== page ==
The Foundation for Baltic and East European Studies

Post-Soviet Harvests; understanding uneven rural recovery in the post-Soviet region 

Project leader: Susanne Wengle
Starting year: 2020
Project type: Project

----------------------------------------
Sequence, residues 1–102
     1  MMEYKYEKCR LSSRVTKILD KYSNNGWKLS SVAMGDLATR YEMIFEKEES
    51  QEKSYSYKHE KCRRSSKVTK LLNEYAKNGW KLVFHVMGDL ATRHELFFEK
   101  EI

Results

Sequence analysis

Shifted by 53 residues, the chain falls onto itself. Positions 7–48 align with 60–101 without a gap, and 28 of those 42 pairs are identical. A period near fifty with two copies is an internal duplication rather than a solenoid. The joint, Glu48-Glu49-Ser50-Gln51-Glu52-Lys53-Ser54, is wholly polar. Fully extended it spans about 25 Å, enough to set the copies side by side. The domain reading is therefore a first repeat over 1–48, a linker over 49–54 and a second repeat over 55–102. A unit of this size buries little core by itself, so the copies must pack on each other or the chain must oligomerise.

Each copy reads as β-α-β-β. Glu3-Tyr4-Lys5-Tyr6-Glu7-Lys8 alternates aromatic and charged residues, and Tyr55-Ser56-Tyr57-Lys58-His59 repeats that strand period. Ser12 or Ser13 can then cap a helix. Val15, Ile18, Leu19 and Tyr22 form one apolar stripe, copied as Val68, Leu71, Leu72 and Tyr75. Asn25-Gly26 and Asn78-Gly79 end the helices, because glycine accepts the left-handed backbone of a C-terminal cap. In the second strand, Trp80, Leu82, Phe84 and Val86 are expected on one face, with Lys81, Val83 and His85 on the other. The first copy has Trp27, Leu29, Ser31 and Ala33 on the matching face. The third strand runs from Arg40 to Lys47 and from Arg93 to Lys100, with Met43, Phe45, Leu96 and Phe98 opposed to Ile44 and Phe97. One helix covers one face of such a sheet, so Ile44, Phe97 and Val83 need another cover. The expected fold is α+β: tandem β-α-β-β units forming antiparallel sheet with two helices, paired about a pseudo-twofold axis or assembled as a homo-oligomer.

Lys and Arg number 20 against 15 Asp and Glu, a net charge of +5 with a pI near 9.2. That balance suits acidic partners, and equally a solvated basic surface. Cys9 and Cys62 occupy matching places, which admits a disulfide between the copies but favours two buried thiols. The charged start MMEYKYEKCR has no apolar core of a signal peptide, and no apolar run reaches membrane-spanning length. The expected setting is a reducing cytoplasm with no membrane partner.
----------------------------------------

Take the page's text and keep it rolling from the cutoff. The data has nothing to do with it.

In the 1990s, post-Soviet rural economies suffered from a staggering decline in production and accelerating outmigration. Since the early 2000s, some agricultural producers have managed to reverse decline and are thriving: they have updated production facilities, improved productivity, increased production and exports. Ukrainian corn harvests are plentiful, for example, Russian meat producers are booming, and Armenian fruit are exported in abundance. Plentiful harvest and rural recoveries have a potentially significant development impact in these countries, many with sizeable rural populations. They are also very uneven – recovery has happened only in some subsectors, in geographically and institutionally diverse countries, and not at all in others. What explains why some subsectors, in some countries are thriving, while others have been unable to make ends meet? My research examines sources and patterns of rural recovery in post-Soviet countries. One aspect of this recovery is particularly interesting from the perspective of dominant theories in political economy: growth has happened despite what are described as “weak” governance institutions in nearly all of these countries. The project’s ambitions are thus empirical and theoretical: it aims to shed light on recent trends across the whole post-Soviet region and in various types of agricultural production (field-crops, livestock, and horticulture). Trends in post-Soviet agriculture remain understudied, in part because they are so dynamic, and in part because the oil and gas sectors have absorbed scholarly attention. My research also engages with theories on the conditions for economic growth in the region and sustainable rural development more generally. Agricultural production is inherently risky and has become intensely competitive after successive rounds of trade liberalisation. Insights related to the conditions under which rural economies can thrive in the 21st century answers thus important beyond the post-Soviet region. The methodological pillars of the project are the following: the research is designed as a cross-country, intra-regional comparison that utilises a combination of detailed quantitative data on trends in different sub-sectors over the period of nearly 20 years (2000 to 2019). Based on the outcome of this quantitative analysis, I will select 3-4 economies for in-depth cases studies based on qualitative data gathered in stakeholder interviews.